This is my thesis for the master of architecture degree in HKU.
The thesis is about the scale of public space. The scale of architecture and city has been enlarged in the past decades, and has deeply impacted urban public space. In my thesis, I will firstly argue that, public space is not a kind of space, but a condition of space, which cannot be calculated by numbers. Moreover, the enlargement of space has not created more public space, but has eliminated a lot, which also brings inequality both socially and economically.
The site is located in the center of Shenzhen, named as Gangxia Village. This part of the village has been demolished, and is under construction. Through the comparison, we can easily find the huge transformation:
68,000 people used to live here, while only 4,000 people after redevelopment;
The population density drops down from 290,000 pp. /sqkm, to 17,000;
However, the GFA doubles, from 500,000 to 1 million.
Particularly, it is clearly stated in the redevelopment plan that, there will be 23,000 sqm of public space in the future.
While when I tried to define public space in the demolished village, it seemed every space could be public at certain moments: people watched TV in the lobby of a clinic, sat in front of restaurants, and circled around a tricycle on the road, playing cards. Then I realized, public space is not a kind of space, but a condition of space. Therefore, the increase in area does not necessarily mean more public spaces.
Then I compared the two conditions of the site on 4 scales, using Nolli map and sectional Nolli map as the methodologies, to see how this transformation has impacted public space:
On the 1-1000 scale, the continuous public ground is divided into pieces by the new road system, which makes it difficult for people to get, use, and explore public spaces.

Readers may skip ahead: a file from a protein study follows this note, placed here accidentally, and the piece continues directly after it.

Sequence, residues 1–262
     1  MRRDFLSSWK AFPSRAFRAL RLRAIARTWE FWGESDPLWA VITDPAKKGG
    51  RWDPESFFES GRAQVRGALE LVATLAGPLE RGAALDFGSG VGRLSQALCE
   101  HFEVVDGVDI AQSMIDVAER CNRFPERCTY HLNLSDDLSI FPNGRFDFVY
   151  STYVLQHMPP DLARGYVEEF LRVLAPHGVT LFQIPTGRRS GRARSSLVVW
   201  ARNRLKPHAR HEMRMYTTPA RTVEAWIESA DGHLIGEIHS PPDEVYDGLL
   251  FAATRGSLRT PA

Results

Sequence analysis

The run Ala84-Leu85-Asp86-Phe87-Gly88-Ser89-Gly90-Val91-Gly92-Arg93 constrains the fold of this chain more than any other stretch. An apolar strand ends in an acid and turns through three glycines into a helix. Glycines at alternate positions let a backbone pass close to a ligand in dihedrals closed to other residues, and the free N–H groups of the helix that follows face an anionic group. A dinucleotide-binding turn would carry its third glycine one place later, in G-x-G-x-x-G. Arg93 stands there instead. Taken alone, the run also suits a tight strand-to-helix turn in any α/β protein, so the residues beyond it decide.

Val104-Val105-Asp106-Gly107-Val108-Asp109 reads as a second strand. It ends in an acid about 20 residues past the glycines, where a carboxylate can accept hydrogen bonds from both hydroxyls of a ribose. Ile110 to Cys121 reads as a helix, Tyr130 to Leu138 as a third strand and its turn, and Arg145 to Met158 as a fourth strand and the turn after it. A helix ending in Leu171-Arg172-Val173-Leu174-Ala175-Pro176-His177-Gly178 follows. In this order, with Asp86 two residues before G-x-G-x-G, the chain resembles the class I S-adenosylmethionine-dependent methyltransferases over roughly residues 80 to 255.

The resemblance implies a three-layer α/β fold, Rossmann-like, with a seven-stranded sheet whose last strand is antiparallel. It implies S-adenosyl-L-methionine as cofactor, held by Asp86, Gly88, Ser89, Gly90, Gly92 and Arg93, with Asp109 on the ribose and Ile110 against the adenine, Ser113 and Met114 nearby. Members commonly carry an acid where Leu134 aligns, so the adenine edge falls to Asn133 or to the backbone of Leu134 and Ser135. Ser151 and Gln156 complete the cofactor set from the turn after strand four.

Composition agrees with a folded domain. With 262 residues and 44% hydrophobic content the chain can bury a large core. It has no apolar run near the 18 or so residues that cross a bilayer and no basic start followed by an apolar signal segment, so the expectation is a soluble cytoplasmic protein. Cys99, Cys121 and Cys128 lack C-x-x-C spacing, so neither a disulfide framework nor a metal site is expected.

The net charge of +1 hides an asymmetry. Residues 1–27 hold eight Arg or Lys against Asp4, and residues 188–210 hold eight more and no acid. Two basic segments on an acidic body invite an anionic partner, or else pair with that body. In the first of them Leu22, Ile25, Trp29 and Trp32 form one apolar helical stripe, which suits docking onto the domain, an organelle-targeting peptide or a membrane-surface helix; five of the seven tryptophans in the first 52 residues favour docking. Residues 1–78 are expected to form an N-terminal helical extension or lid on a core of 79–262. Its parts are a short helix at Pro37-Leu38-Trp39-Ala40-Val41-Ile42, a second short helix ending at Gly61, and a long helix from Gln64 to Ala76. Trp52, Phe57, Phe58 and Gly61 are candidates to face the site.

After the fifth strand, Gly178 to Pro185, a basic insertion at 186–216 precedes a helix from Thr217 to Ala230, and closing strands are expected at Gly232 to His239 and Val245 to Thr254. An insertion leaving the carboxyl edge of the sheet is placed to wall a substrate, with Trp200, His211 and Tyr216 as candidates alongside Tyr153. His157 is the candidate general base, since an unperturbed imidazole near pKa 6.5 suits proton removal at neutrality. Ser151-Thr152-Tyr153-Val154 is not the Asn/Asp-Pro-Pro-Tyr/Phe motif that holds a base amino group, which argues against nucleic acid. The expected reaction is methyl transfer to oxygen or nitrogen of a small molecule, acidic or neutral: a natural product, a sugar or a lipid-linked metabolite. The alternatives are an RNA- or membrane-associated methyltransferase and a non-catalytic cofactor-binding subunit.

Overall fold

On the 1-500 scale, the intimate interfaces between private and public have disappeared a lot, which on one hand, means less interface to go through from private to public, and on the other hand, means a longer distance.
On the 1-100 scale, the dynamic boundary between public and private has been replaced by a solid, fixed façade, which means less chance to extend public spaces.
The last but not least, on the 1-50 scale, a lot of spontaneous spaces have been merged, such as these. This means not only spaces of this scale, but also activities attached to these spaces become missing in the new development.
Therefore, based on the series of comparison, I proposed strategies on different scales: reconnecting the discontinuous ground by using houses as connections; intensifying the interfaces by splitting towers and podiums; thickening the boundary by changing the façade into a space; and designing insertions by making use of super-micro spaces.
An APP named Spacehunter is developed here to help share and discover spaces: a salesman can find a space under escalator to have a rest after lunch, new-comers can just buy a small bedroom, and book one kitchen for 2h whenever they want to cook, fresh graduates can find a workshop between columns to start their business.
To conclude, scale is not only about the perception of space, but relates to who can occupy the space, what you can do in the space, and eventually, the democracy of space, which is the nature of public space.